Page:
Neill Blomkamp has said that he owes his career to “the ruins that were Halo,” referring to his and Peter Jackson’s failed attempt to turn the video game franchise into a big budget film. The sci-fi film director was speaking to L.A. Times on the eve of release for his first star-studded effort Elysium, a futuristic thriller starring Matt Damon and Jodie Foster.

Blomkamp gained notoriety as a young director chosen by Jackson and his filmmaking partner Fran Walsh to help green light Halo for the big screen.  At the time, Blomkamp was best known for his work directing TV commercials for big brands. He caught Jackson’s eye for his ability to blend live action with impressive CG effects on a budget.

Blomkamp created “Landfall,” a three-part live-action video series acting as a proof of concept for a Halo film by setting the stage for its milieu.  The videos caught fire with fans, and they took home a 2008 Cannes Lion after Microsoft worked them into its campaign to promote Halo 3. But the Halo film didn’t take off.  Jackson then helped Blomkamp with his next project, the modestly budgeted sci-fi film District 9, which went to become both a critical and commercial success.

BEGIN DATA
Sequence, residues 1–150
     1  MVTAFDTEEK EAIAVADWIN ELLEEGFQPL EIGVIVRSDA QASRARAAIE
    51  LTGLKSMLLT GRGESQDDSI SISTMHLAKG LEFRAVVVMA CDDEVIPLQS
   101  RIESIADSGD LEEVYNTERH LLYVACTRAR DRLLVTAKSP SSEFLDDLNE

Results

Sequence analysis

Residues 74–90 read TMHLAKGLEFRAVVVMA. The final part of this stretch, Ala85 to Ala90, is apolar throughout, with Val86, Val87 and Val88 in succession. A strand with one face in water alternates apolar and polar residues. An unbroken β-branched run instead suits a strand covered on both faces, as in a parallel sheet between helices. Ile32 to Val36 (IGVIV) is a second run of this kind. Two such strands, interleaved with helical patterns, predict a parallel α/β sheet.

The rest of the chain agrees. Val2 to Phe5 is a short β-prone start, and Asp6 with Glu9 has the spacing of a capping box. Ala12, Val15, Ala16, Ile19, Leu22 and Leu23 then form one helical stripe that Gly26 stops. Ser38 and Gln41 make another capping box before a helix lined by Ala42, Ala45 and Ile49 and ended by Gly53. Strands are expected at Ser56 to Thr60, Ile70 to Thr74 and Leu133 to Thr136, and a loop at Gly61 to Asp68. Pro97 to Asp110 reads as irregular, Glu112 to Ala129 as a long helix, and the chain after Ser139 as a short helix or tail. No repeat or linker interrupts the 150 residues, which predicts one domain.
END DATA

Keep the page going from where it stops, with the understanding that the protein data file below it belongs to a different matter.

“The luck is the fact that Peter and Fran let me make [District 9] out of the ruins that were ‘Halo,” Blomkamp said. ‘What happened out of that was learning to trust my ideas. If ‘Halo’ had come out and succeeded or failed, I wouldn’t have learned that.”

Blomkamp with Matt Damon

Besides teaching him a lesson as an artist, Blomkamp says District 9 helped him break into feature films on his own terms.  After the film succeeded, the director says he turned down big budget film offers from Hollywood studios because Halo was still fresh in his memory.

“Our impression was that [Blomkamp] was a brilliantly talented young visual filmmaker who had a real voice,” Columbia Pictures president Doug Belgrad told L.A. Times. “He seemed to stay away from the fishbowl of Los Angeles and to be interested in making original, unique films.”

Blomkamp said that the inspiration for the dystopian society in Elysium came from growing up in South Africa, comparing the class-delineated world in the film with wealthy neighborhoods in his native Johannesburg as well as posh Los Angeles communities Bel-Air and Beverly Hills.

“What I do is spend too much time thinking. Most of the time I just walk around annoyed. Would I describe myself as relatively happy, I suppose, but society gets to me. And the people that have mastered life seem to not care and then they die and then the grenade goes off,”said Blomkamp.

Source: LA Times